The Spokane Slavic Seventh-day Adventist Church, in Spokane, Washington, has seen unexpected growth of their YouTube channel after they began livestreaming services during the pandemic. Their subscriber count grew from 538 in March 2020 to more than 4,940 currently.
Since its start in April 2009, the church has uploaded more than 480 videos to their channel. Although they had started their channel many years ago, they were not uploading videos consistently and did not livestream their services.
They began to livestream shortly before the start of the pandemic. “In February 2020 we had a well-known Adventist Russian speaker come to our church to do four presentations,” said Slavik Ostapenko, Spokane Slavic Seventh-day Adventist Church pastor. “We had done video recordings of our services before, but this time we decided to do it live.”
Since they started broadcasting before the stay-at-home order was put into place, they were fully prepared to begin streaming their services online for the people at home. “Honestly, I wasn’t even watching the stats at first,” said Ostapenko. “The only thing I saw was that our video quality was very low. We got new a camera and lighting, which improved the video quality dramatically.”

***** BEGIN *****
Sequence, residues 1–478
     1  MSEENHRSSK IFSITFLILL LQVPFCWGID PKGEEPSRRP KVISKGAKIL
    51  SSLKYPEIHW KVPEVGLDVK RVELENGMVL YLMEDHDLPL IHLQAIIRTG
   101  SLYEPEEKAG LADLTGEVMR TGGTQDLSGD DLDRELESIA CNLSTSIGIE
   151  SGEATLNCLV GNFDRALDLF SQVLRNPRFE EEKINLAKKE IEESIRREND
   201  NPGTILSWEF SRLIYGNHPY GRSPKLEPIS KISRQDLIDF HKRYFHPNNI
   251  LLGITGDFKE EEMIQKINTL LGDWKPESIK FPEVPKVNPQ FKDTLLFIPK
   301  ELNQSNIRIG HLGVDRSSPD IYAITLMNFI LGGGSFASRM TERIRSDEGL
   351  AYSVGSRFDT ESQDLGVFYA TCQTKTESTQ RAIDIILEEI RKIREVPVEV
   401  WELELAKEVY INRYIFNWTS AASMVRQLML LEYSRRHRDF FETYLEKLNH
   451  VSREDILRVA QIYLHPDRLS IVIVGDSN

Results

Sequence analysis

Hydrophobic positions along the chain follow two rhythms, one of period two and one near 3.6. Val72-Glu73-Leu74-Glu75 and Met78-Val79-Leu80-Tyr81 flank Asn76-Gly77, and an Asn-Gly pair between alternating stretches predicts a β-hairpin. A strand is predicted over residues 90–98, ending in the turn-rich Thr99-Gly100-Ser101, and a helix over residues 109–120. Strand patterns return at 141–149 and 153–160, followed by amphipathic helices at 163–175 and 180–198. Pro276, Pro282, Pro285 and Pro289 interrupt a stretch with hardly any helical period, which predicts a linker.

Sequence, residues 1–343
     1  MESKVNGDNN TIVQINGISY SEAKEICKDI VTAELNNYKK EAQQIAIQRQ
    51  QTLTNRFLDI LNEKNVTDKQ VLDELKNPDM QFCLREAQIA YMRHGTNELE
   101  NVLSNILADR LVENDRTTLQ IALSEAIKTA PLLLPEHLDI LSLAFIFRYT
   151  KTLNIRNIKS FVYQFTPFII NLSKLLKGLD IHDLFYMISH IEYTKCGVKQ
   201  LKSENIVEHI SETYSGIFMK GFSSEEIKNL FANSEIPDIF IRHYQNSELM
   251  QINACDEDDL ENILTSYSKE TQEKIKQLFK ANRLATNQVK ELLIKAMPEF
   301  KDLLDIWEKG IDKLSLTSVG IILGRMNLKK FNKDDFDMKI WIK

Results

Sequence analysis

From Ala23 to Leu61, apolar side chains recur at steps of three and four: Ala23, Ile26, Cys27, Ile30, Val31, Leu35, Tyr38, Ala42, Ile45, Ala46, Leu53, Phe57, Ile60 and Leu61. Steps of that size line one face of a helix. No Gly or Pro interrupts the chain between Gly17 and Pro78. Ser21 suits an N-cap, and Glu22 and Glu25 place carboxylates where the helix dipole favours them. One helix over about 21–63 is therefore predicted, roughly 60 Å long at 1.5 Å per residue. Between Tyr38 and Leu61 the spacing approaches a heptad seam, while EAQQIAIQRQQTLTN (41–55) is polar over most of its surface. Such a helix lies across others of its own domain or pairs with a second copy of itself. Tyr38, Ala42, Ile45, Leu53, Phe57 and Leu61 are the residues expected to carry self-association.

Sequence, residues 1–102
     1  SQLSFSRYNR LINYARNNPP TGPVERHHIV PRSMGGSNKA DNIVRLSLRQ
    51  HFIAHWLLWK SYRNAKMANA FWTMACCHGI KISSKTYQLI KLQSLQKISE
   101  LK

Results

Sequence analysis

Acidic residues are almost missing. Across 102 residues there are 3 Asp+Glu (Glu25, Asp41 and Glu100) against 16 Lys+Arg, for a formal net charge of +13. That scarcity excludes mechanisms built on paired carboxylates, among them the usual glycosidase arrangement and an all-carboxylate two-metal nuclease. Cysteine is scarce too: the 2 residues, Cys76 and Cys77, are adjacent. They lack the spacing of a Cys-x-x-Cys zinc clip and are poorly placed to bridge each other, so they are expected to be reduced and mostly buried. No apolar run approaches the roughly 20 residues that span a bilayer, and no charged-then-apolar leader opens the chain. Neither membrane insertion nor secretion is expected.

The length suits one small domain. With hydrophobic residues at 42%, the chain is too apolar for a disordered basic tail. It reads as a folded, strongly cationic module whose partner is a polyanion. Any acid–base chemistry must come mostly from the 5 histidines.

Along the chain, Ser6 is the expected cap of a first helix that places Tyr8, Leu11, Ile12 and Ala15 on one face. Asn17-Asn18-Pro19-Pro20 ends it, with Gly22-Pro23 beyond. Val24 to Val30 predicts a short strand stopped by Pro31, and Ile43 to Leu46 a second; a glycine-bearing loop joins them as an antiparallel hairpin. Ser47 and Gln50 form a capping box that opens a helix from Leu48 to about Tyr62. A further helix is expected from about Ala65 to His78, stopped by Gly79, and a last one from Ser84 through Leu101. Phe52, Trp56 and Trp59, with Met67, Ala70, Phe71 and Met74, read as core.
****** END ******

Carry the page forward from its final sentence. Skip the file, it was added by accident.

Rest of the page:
Church leaders began to notice that the impressions grew substantially after they broadcasted live consistently for nearly six months. “Starting July 2020 our views went up,” said Ostapenko. “Somebody shared one specific video on Viber and WhatsApp and people started watching. Then YouTube started recommending that video and our views and subscriptions went up from that point on.”
The five countries with the most views of the channel in the last year are Russia (143,798), Ukraine (130,502), United States (45,568), Germany (32,993) and Belarus (13,008).
“Because we have our service in Russian it makes sense that it would be Russian-speaking people watching it, and you have the most Russian-speaking people living in Russia and Ukraine,” explained Ostapenko. “On top of that, our members share it on their social network pages and their friends who live back in Russia and Ukraine are watching it.”
Some may question why Germany is in the top five as they have far fewer Russian speakers than the other countries listed. Ostapenko shared how the church members impacted this list. “We have a couple families in our church that moved from Germany to the United States, and they still have a lot of friends and family members back in Germany. They shared with them, and now we have Germany in the top five countries.”
As far as their reach within the United States, the states that viewed their content the most in the past year are Washington (9,543), California (4,193), New York (839), Oregon (805) and Florida (172).
It may seem shocking that California shows such high view amounts compared to the subsequent states on the list, but Ostapenko shares that it makes sense in regard to the amount of Russian speakers within the state. “California has a lot more Russian-speaking people in general, as well as Seventh-day Adventists,” explained Ostapenko.
The services are available to stream at youtube.com/spokaneslavicsdachurch.